Grease on a New Bike

Discussion in 'Cycling Equipment' started by Webby, Mar 9, 2003.

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  1. Webby

    Webby Guest

    Hi all,

    I have seen that new bikes are coming with a covering of grease on the chain and rear cog wheels. Is
    this for "delivery protection" of the product until it passes to the hand of a customer or is this
    normal practice.

    Is this grease to be washed off and replaced by an oil lubricant?

    Cheers

    Webby

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  2. S. Anderson

    S. Anderson Guest

    Leave it on..it penetrates very well into the bushings. It will collect dust on the outside fairly
    easily, but just wipe it off when it gets a little dirty. Clean as normal at your regular interval.

    Cheers,

    Scott..
    --
    Scott Anderson

    "Webby" <[email protected]> wrote in message
    news:[email protected]...
    > Hi all,
    >
    > I have seen that new bikes are coming with a covering of grease on the chain and rear cog wheels.
    > Is this for "delivery protection" of the product until it passes to the hand of a customer or is
    > this normal practice.
    >
    > Is this grease to be washed off and replaced by an oil lubricant?
    >
    > Cheers
    >
    > Webby
    >
    > --
    > rec.bicycles.off-road is moderated by volunteers. To find help solving posting problems, or
    > contact the moderators, please see http://rbor.org/ Please read the charter before posting:
    > http://rbor.org/rbor_charter.txt
    >

    --
    rec.bicycles.off-road is moderated by volunteers. To find help solving posting problems, or contact
    the moderators, please see http://rbor.org/ Please read the charter before posting:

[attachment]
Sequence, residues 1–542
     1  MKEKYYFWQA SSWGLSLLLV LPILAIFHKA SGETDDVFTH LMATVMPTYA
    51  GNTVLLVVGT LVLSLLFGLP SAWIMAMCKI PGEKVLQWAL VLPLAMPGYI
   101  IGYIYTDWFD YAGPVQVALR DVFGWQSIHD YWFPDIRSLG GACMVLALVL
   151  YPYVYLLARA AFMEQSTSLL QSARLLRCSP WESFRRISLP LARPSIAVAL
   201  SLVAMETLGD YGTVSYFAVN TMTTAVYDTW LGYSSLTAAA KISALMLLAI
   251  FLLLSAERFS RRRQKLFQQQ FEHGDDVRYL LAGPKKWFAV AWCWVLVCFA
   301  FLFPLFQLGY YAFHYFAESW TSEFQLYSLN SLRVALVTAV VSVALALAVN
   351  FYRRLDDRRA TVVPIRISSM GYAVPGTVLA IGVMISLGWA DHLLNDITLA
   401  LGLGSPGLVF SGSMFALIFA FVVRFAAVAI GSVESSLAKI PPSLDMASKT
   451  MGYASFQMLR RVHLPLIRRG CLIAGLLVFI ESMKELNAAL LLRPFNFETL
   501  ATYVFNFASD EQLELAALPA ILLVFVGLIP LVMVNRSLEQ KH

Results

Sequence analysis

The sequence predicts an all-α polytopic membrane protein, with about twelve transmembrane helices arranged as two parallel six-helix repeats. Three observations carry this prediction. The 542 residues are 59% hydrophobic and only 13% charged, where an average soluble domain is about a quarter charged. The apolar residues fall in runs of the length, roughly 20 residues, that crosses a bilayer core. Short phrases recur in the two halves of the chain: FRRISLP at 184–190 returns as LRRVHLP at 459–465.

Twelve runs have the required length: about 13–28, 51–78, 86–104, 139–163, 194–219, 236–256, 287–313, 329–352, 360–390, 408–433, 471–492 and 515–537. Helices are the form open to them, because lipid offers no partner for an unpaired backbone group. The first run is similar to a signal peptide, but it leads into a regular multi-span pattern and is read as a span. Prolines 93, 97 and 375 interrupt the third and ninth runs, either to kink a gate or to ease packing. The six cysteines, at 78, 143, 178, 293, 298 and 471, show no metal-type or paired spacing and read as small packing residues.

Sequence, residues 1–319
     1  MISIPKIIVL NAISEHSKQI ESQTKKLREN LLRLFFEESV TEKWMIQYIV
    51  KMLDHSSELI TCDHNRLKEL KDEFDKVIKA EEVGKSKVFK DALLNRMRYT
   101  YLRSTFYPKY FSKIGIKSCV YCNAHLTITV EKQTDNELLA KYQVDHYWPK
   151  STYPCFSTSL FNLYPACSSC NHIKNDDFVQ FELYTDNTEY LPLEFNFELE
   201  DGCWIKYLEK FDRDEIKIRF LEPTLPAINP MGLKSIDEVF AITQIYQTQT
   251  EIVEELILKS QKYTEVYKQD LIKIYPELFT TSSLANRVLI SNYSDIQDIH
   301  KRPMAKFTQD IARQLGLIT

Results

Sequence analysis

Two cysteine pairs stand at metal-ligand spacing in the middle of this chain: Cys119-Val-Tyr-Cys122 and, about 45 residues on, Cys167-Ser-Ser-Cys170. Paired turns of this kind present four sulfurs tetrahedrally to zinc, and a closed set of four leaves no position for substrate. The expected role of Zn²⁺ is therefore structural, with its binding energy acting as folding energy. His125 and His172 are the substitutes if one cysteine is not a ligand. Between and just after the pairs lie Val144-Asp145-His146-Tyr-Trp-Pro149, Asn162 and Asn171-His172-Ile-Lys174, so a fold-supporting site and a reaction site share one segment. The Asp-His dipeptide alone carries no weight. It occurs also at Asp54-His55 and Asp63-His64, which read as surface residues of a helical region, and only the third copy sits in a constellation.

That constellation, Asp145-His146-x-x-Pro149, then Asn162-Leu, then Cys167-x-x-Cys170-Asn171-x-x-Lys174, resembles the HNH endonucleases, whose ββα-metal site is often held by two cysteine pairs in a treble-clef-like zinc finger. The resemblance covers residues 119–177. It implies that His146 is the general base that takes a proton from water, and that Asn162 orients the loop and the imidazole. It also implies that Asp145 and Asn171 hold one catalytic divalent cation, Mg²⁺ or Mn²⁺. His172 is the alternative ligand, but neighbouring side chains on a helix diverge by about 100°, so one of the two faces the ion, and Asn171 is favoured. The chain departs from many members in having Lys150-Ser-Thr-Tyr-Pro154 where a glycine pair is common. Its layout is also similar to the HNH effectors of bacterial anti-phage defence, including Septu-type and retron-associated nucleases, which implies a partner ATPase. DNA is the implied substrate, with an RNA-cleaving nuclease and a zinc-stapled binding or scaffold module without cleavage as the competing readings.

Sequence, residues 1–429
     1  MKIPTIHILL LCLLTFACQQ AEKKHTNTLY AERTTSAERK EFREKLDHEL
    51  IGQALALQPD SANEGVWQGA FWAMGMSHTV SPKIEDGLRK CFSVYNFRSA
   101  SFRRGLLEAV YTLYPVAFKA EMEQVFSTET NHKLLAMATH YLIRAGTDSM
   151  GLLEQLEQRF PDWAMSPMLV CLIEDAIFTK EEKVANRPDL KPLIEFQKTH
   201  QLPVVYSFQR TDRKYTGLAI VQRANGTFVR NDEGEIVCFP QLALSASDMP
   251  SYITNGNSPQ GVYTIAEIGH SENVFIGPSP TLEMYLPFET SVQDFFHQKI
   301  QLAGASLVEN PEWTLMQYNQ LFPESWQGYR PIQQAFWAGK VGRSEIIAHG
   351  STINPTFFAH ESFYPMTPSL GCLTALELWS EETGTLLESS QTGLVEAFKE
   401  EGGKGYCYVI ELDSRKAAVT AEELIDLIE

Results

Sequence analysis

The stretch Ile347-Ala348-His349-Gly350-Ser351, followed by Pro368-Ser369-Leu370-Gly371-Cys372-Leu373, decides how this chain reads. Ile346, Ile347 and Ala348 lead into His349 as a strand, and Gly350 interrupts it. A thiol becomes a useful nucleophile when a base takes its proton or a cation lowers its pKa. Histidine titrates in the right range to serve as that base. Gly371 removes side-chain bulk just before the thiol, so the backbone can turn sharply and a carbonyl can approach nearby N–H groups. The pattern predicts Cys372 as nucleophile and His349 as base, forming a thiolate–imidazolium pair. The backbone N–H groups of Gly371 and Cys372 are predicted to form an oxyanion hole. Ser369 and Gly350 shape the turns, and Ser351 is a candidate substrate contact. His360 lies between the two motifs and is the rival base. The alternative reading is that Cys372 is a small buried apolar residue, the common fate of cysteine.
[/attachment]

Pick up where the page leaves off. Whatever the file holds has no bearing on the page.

http://rbor.org/rbor_charter.txt
     
  3. Tauras

    Tauras Guest

    I'd get rid of it and go with a decent lube, loads to choose from, recently I switched to a
    greeseless LPS lube on the chain, its used for office equipment, gets about 25 miles before reapp
    and dust doesn't stick as bad. The problem with leaving greese on your chain is that is combines
    with dust/sand to form a sanding grit that eats your chain and eventually cassette, chain rings.
    Most chains uncared for and just oiled/greesed last about 400 miles of trail riding, if cared for
    you can double that. I wash off my chain with mild solvent then blow out the grit from the chain
    with compressed air which leaves a clean dry surface to lube. Good luck!

    Tauras http://www.slonet.org/~tsulaiti/surfreport/

    "S. Anderson" <[email protected]> wrote in message
    news:[email protected]...
    > Leave it on..it penetrates very well into the bushings. It will collect dust on the outside fairly
    > easily, but just wipe it off when it gets a little dirty. Clean as normal at your regular
    > interval.
    >
    > Cheers,
    >
    > Scott..
    > --
    > Scott Anderson
    >
    >
    > "Webby" <[email protected]> wrote in message
    > news:[email protected]...
    > > Hi all,
    > >
    > > I have seen that new bikes are coming with a covering of grease on the chain and rear cog
    > > wheels. Is this for "delivery protection" of the product until it passes to the hand of a
    > > customer or is this normal practice.
    > >
    > > Is this grease to be washed off and replaced by an oil lubricant?
    > >
    > > Cheers
    > >
    > > Webby
    > >
    > > --
    > > rec.bicycles.off-road is moderated by volunteers. To find help solving posting problems, or
    > > contact the moderators, please see http://rbor.org/ Please read the charter before posting:
    > > http://rbor.org/rbor_charter.txt
    > >
    >
    > --
    > rec.bicycles.off-road is moderated by volunteers. To find help solving posting problems, or
    > contact the moderators, please see http://rbor.org/ Please read the charter before posting:
    > http://rbor.org/rbor_charter.txt
    >

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